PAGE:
Two companies, Vestibular Today and 3D Brooklyn, have collaborated on a 3D printed inner ear to assist vertigo sufferers.
The condition of vertigo is a sensation of feeling off balance. Folks suffering from these dizzy spells might feel like they’re spinning, or that the world around them is spinning.
A medical company called Vestibular Today has developed an innovative way to help vertigo sufferers, in collaboration with the National Institutes of Health’s 3D Print Exchange Program and the creative expertise of 3D Brooklyn. It’s a 3D printed inner ear which functions as a tool for both clinician and patient education.
The original model was made by NIH using Magnetic Resonance Imaging to map a patient’s vestibular organ. This process led to an exact replica of the organ. It accurately depicts the correct canal angles in relation to each other and the utricle. It also features changing canal diameters.
Vestibular Today worked with 3D Brookyn to help refine the model and increase the size to scale. In the process they created a new innovative tool as an affordable educational product.
According to Will Haude, Chief Creative Officer at 3D Brooklyn:
“We’re used to creating functional product prototypes for clients, but working with a scan of an organ was a nice shakeup. It was the perfect combination for 3D scanning and 3D printing technologies… The end result is a functional and educational medical device to help guide patients through necessary motions needed to relieve vertigo. CAD programs aren’t the right tool for this project. For a realistic model with accurate proportions, 3D scanning along with some 3D modeling programs allowed us to clean up the model and add specific features to help call out certain sections of the organ.”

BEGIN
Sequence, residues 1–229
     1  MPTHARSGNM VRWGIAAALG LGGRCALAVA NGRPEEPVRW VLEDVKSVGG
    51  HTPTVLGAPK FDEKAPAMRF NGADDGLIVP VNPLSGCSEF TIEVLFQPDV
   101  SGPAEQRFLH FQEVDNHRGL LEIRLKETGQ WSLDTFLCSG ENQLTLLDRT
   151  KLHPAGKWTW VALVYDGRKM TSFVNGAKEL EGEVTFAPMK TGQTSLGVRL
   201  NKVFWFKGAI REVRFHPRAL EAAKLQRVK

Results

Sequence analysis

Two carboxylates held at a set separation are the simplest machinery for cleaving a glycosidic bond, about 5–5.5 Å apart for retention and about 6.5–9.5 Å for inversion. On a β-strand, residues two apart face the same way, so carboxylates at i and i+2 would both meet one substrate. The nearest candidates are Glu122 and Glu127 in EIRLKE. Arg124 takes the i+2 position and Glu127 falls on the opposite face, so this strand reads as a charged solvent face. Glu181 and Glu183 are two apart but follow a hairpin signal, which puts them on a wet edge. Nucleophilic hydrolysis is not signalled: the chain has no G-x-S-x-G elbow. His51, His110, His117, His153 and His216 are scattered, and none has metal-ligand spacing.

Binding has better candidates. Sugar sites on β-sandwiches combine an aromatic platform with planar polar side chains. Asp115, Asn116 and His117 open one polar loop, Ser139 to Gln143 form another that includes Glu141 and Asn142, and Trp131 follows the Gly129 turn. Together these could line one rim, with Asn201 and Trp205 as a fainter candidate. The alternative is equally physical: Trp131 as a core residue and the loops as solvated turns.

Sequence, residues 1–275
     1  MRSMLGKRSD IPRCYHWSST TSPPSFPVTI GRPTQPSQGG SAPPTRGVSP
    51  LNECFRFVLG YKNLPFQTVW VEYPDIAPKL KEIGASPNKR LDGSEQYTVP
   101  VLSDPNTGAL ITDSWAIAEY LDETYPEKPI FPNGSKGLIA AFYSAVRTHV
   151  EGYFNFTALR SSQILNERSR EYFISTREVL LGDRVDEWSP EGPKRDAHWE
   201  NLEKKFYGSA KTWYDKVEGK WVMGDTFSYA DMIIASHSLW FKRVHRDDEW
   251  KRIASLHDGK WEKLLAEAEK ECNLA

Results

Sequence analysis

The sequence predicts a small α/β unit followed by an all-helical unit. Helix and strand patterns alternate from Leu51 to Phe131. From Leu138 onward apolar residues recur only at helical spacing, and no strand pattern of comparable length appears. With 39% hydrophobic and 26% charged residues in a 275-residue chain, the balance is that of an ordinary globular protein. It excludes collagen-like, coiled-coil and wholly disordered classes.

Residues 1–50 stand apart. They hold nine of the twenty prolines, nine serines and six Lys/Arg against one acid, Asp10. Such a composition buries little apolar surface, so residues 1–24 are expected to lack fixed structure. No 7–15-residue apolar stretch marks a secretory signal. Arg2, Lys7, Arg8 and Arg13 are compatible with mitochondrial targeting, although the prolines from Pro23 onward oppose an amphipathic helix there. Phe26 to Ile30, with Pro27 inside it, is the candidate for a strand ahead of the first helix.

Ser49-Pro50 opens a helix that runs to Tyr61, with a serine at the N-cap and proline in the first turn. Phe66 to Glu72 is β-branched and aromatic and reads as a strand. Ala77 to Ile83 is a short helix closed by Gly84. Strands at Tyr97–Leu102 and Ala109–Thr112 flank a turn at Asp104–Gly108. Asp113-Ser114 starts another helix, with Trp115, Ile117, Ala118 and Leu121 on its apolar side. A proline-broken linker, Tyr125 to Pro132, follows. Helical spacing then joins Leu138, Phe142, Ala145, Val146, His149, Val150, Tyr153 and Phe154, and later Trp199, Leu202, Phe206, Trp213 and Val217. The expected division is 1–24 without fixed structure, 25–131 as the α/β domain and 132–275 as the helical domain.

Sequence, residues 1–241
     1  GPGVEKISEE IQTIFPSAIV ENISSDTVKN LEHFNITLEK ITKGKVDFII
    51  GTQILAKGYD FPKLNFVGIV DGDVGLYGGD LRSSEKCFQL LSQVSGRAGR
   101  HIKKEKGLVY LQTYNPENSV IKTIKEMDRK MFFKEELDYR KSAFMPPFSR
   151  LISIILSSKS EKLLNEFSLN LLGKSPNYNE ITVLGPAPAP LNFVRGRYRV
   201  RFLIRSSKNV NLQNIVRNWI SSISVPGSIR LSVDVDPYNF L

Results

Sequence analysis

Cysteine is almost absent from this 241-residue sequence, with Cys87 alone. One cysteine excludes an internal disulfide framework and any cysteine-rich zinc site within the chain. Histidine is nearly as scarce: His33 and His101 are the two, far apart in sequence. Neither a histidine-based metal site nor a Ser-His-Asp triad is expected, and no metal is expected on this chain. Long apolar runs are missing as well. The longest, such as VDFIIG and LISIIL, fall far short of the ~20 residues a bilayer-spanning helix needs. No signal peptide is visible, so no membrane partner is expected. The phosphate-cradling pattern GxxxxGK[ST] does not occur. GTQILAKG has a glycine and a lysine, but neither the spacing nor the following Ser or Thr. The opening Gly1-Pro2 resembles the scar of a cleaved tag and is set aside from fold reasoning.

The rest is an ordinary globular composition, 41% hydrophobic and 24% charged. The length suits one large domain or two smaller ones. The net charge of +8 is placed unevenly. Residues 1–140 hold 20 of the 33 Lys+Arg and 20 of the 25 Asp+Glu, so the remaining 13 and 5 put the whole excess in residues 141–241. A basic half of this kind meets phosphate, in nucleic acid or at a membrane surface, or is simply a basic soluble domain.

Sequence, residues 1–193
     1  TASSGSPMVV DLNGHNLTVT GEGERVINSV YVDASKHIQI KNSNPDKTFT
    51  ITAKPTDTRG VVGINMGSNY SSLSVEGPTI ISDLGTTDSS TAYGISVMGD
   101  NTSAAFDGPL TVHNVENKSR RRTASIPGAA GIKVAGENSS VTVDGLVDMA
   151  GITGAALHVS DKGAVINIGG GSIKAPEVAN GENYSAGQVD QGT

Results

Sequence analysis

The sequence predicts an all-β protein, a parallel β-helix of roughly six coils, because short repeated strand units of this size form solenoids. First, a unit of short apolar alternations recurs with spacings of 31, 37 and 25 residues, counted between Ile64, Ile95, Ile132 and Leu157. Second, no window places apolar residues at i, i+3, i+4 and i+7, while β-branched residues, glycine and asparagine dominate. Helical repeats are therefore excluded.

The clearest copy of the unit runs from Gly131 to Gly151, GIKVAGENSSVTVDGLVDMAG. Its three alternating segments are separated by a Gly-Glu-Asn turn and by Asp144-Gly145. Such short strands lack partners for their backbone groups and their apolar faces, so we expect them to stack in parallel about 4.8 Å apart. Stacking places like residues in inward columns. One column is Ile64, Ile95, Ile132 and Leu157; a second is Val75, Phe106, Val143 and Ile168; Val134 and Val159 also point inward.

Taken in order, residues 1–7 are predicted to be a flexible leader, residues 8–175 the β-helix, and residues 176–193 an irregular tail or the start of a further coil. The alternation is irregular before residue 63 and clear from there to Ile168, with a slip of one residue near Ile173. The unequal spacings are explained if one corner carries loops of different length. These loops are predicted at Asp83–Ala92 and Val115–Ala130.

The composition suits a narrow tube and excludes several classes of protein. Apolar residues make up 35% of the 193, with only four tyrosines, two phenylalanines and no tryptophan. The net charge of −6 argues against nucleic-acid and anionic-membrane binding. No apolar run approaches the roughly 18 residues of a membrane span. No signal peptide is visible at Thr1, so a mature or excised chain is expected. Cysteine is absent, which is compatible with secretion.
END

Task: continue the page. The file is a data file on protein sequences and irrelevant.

Symptons of vertigo often occur because of a problem with the inner ear. The inner ear sends signals to the brain about head and body movements relative to gravity, which helps you keep your balance.
One of the most common causes is benign paroxysmal positional vertigo, or BPPV for short. BPPV occurs when tiny calcium particles called canaliths clump up in canals of the inner ear.
Vestibular Today is now using the 3D printed model to educate patients about BPPV, demonstrate the canalith repositioning maneuvers, and spread the word about the vestibular therapy.
Source: 3D Brooklyn
License: The text of "How 3D Printing and Scanning Technologies Can Relieve Vertigo" by All3DP is licensed under a Creative Commons Attribution 4.0 International License.
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